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Business analysis is the process of analysing a business or system to understand its functioning, structure, and performance to provide recommendations for improving performance and reducing costs.

It is a field that spans many disciplines, such as computer science, programming and IT systems, engineering, management, psychology, and economics.

The process gets deep into the nuts and bolts of a business, and is firmly led by good communication, as it involves understanding how a system or business functions (such as who does what, when, where and how), as well as understanding the structure and fundamental operations of a system (such as how many employees, products, and services are in the system).

It is the discipline of turning raw data into knowledge that can be used to make decisions and a way to translate technical business functions between forms that can be understood by either the business owners, customers and technical or development teams.

Business analysis can also involve determining the feasibility of an idea or plan, and identifying the risks and costs associated with a particular course of action. In the broader sense, business analysis also refers to the work of any person who is involved in the analysis, planning, and control of a business. This can include people who specialise in one area of business analysis, such as database or software analysts, or people who are generalists, such as accountants or executives.

The business analyst (BA) work process typically involves talking to the key areas, users and technical teams within a business, gathering large amounts of data and evidence, performing analyses, and presenting the results in a format that is easy to understand.

Similarly, a business analyst will often need to take non-technical requirements from a user group and make these into a more technical document, pseudo-code and use cases, as well as test plans for the development team to understand and work with when building solutions or making changes to complex IT systems.

Business Analysis Tools

Business analysis requires tools and techniques to collect, analyze, and report on data.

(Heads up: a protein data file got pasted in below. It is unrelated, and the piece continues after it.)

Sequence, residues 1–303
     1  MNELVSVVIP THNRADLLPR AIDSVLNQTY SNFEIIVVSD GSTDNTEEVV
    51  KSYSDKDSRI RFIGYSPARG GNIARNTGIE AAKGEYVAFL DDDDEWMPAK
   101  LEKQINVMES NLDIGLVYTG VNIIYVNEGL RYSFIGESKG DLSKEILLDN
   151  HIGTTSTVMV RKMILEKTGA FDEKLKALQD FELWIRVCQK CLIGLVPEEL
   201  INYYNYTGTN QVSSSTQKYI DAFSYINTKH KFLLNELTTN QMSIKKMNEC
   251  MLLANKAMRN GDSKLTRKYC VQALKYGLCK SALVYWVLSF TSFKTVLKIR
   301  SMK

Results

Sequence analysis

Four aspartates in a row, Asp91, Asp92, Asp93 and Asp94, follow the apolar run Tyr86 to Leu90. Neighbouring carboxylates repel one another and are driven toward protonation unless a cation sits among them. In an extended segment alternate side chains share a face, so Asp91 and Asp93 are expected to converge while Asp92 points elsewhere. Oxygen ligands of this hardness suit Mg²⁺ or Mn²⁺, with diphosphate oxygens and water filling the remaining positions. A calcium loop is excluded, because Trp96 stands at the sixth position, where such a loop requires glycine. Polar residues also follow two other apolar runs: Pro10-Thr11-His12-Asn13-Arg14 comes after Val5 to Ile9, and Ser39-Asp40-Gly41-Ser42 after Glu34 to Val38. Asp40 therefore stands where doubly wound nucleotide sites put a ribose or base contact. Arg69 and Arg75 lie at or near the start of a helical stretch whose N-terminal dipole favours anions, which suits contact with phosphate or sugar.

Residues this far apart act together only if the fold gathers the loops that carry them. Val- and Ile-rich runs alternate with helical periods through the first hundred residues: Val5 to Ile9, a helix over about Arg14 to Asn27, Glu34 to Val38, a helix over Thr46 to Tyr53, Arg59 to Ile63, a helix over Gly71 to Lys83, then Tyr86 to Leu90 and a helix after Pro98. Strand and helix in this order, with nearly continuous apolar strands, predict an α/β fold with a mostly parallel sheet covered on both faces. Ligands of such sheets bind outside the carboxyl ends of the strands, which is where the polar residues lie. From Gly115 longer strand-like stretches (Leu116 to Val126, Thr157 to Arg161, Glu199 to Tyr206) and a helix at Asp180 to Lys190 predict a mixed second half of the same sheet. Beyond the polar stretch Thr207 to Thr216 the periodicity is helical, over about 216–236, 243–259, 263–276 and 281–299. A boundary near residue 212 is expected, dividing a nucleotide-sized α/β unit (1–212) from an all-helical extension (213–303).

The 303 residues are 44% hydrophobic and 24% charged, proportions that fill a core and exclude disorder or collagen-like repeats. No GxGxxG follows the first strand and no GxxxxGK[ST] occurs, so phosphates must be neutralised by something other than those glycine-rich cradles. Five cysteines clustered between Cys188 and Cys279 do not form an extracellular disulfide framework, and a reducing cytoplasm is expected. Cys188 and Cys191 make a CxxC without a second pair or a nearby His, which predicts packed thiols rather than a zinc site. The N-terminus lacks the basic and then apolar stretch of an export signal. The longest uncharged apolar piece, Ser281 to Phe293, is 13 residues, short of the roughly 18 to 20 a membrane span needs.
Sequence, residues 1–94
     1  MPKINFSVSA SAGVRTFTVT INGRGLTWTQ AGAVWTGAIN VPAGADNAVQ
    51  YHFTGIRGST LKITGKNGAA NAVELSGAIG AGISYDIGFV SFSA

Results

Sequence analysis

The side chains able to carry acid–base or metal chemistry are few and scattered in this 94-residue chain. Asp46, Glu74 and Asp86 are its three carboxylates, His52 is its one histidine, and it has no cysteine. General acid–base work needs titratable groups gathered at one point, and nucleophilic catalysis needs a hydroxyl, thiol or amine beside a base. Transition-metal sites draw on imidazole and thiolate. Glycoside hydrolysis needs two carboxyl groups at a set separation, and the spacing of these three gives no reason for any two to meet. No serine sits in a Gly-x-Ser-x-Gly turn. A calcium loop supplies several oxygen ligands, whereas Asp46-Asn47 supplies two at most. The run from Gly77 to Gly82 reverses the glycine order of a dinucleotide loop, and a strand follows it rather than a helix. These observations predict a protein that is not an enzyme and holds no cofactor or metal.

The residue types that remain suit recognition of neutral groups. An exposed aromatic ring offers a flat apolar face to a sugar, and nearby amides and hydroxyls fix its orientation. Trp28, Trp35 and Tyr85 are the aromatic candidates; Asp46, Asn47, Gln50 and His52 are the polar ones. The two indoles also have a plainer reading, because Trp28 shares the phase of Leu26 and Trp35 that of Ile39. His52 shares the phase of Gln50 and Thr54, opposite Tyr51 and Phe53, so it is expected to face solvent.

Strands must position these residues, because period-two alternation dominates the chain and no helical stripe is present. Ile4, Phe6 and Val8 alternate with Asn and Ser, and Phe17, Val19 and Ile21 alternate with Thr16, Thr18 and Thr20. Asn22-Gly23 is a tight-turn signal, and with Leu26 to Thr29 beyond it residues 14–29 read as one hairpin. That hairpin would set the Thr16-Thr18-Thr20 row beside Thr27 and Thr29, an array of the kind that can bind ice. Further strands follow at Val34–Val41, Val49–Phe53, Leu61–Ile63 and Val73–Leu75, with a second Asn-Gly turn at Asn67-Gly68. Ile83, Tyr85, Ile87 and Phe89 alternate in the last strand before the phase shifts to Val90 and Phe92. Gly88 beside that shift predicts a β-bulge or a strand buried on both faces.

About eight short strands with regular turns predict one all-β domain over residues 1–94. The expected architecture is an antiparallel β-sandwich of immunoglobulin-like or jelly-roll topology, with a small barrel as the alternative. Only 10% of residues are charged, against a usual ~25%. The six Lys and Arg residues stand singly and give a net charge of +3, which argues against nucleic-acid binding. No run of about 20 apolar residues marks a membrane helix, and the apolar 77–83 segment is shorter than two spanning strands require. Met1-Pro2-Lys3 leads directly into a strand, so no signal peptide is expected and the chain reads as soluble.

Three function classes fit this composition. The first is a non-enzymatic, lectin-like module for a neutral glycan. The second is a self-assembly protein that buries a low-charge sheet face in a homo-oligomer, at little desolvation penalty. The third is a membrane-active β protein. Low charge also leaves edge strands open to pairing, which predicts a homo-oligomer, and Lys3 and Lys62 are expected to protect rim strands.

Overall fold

Some of the most common tools in business analysis include spreadsheets, databases, and data visualization tools, such as graphs and charts, often these can be created within Microsoft Office or Google Docs software, but will often be data-driven. Using these tools, business analysts can analyze the data, extract information, and make recommendations.

To further research data the business analyst may need to use SQL to extract data from complex databases. The data can be analysed, assessed and presented in a meaningful way to show findings and make suggestions to the senior management teams.

Business Analysis Techniques

Every piece of work or project worked on is different, and depending on the task, the tools and techniques will differ, however here are the top five business analysis techniques regularly used within business analysis:

  1. Business Process Modeling (BPM)
  2. Gap Analysis
  3. Brainstorming or Blue Sky Thinking
  4. MoSCoW (Must or Should, Could or Would)
  5. SWOT Analysis (Strengths, Weaknesses, Opportunities, Threats)

The techniques are not in any particular order above, as for some projects you may only use one of these, for some you may use them all. Above all the most useful technique for any business analyst is to be a good active listener:

  • Listen to the business owners, customers or stakeholders to understand what their requirements are.
  • Listen to the technical or development teams to ensure they understand what the requirements really are and they are comfortable they have enough information to start, continue or complete the work.

LOOKING FOR A Business Analyst?

If you are looking for a business analyst to help your business call Wiser IT today on 07941 783434 or fill in the contact form.